Creating a Business Continuity Plan
Tips to Create a Business Continuity Plan
What if a major component of your company's computer systems failed today? Do you have a plan in place to allow business to continue, or would you be out of luck until it gets repaired? A Business Continuity/Disaster Recovery (BCDR) plan is an important part of any IT security management program because it allows operations to continue the event of a failure, whether it be a failure of an individual component, a whole system, or your entire data center.
Create a BCDR Committee and Assign Responsibilities It's very difficult for every person to create an effective business continuity plan on their own because represented, from IT to HR to Operations and upper management. Assign responsibility for each business unit to the committee representative and task them with creating plans and processes for their part of the organization.
A plan and guide the team; this is usually the security administrator or a member of the executive team. Create regular status meetings for the committee to meet and discuss each member's individual progress. Identify Failure Points in the Organization Once a committee is formed, a key responsibility of each member is to identify Single Points of Failure (SPOFS) in their area of the business.
A SPOF is defined as one individual system, component, or process that, if it fails, stops operations either in that department or halts production of the entire company. For example, the IT representative may determine that the company's web server could crash and result in lost revenue as all e-commerce transactions fail to process.
An Accounting member may find that their accounting application could fail and cause all payroll and AP/AR functions to cease, resulting in delays of payments sent or received. An Operations representative might discover that a failure of the air conditioning system in the data center room would cause all computer equipment to overheat and shut down, bringing business to a grinding halt. This step usually takes the longest as each delegate has to comb through their entire area of responsibility and examine the smallest details.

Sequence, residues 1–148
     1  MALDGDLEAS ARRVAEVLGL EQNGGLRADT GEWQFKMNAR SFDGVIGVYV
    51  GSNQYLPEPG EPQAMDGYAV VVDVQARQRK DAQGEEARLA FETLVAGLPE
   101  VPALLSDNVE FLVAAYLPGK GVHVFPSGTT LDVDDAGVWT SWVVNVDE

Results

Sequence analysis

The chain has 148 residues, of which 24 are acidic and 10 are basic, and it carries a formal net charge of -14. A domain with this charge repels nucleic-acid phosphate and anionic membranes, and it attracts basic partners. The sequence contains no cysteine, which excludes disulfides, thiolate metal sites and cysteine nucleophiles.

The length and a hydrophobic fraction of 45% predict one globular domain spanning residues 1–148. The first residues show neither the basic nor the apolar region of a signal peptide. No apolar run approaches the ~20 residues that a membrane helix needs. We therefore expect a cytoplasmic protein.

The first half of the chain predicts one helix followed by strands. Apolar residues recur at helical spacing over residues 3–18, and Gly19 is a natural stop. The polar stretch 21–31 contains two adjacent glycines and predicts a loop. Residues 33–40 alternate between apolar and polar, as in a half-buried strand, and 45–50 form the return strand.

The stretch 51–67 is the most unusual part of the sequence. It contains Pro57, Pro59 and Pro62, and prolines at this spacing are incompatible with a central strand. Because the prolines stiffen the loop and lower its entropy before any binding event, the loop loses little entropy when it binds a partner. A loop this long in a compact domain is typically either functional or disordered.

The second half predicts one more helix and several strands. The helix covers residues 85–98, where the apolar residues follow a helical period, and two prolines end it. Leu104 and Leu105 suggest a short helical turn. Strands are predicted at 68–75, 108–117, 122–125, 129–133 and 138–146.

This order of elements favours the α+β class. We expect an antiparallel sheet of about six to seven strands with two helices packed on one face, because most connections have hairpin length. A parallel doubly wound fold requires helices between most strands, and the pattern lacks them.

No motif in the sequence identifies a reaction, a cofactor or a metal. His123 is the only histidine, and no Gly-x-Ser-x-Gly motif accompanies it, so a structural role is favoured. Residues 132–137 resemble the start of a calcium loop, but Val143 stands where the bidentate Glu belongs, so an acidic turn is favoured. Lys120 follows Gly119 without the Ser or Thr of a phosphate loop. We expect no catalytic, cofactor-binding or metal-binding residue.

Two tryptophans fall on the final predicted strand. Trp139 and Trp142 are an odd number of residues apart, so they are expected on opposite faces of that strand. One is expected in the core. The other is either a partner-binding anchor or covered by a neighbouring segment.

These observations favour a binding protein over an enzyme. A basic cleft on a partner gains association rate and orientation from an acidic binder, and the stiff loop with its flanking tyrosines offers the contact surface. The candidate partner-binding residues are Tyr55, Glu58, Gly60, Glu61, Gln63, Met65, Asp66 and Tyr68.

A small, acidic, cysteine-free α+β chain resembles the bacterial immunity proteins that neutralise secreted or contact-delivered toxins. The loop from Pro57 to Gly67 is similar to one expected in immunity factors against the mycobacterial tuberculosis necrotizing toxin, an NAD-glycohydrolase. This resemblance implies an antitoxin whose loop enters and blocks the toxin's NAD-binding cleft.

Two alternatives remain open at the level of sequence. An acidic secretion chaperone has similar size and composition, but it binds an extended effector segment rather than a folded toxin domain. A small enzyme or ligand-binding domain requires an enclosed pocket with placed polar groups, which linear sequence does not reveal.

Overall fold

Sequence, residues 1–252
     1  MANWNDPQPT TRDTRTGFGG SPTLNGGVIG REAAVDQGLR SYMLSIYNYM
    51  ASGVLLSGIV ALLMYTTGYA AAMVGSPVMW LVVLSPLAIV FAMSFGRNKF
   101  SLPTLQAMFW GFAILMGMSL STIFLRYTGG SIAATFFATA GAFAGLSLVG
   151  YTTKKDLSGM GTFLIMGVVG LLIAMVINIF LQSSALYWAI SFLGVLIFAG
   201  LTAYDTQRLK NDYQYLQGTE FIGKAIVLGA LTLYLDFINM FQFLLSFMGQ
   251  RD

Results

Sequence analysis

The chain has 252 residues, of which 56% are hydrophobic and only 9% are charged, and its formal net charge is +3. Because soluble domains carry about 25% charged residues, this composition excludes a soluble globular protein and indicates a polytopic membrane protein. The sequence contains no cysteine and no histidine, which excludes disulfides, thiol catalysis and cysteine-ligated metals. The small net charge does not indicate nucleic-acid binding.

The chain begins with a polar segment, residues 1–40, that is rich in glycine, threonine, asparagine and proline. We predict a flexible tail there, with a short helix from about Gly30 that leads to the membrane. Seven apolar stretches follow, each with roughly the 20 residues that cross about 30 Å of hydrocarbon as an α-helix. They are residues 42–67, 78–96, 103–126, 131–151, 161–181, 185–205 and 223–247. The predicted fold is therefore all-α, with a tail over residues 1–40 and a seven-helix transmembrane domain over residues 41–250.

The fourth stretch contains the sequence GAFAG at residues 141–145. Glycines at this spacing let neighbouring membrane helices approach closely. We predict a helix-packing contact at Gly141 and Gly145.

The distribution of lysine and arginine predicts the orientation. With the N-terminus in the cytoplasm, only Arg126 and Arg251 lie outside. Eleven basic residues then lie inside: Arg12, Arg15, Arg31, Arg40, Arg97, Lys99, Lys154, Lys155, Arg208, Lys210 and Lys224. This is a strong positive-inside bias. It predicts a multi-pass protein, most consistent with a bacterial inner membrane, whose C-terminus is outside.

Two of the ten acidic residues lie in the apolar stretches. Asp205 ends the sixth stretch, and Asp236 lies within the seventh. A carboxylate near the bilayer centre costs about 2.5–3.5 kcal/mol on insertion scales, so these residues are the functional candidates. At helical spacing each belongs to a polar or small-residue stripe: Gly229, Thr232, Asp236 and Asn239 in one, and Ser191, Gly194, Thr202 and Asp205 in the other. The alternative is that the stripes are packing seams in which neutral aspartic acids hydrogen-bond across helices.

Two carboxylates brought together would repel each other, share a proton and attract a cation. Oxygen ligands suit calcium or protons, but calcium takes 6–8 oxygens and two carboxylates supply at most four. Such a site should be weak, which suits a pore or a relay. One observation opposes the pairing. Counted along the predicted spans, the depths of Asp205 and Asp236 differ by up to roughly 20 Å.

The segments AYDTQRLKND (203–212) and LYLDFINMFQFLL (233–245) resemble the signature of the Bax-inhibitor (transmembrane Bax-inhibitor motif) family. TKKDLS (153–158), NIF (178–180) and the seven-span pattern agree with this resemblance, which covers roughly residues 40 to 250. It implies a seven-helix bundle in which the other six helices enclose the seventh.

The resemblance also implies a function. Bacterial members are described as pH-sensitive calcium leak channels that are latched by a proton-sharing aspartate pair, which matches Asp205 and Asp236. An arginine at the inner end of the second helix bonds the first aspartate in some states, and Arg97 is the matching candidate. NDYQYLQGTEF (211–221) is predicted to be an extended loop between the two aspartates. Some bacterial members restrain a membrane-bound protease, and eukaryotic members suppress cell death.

If possible, have committee members examine areas outside their normal responsibility to review findings from a different perspective and uncover items that may have been missed. Ensure that members are documenting all of their findings as they go along.
Create a Contingency Plan for Each Failure Point
Now that every possible failure point has been identified, reviewed, and documented, it's time to create a backup plan for when those items fail - after all, it's not a matter of contingency plans, especially for IT systems. While it may seem like an unnecessary expense, the fact of the matter is that having backup equipment is absolutely critical to ensure ongoing operations of the business in the event of a system failure.
For example, if your website is running entirely off of one individual web server, you should invest in a second server that could be brought online quickly if the primary one goes down. (Ideally, both to distribute requests evenly across them, which reduces the likelihood of a failure in the first place). IT systems are usually easier to plan for since most of the time a BCDR plan just involves having spare equipment to swap in. Operating procedures can often be temporarily converted to paper records if a computer system goes down, allowing business to proceed in the meantime.
Facilities can be more difficult to plan for since there is usually not enough budget or justification to invest in a separate building or warehouse that just sits there until it's needed. If the company cannot afford to purchase another building, you may choose to simply accept the risk of a facility going down for a period of time.
Test the BCDR Plan
After identifying single points of failure and creating contingency plans for each one, it's time to test those plans. Realize that it's one thing to have some paperwork stating what your plan is, but it's another thing to have actually tested your plan and made sure that it works. Set aside some time outside of normal operations and simulate a failure to see whether your process goes according to plan. For IT systems, simulate an unexpected shutdown and see if you're able to bring the spare equipment online and have it take over - and if it worked, record how long services were completely down before it came online.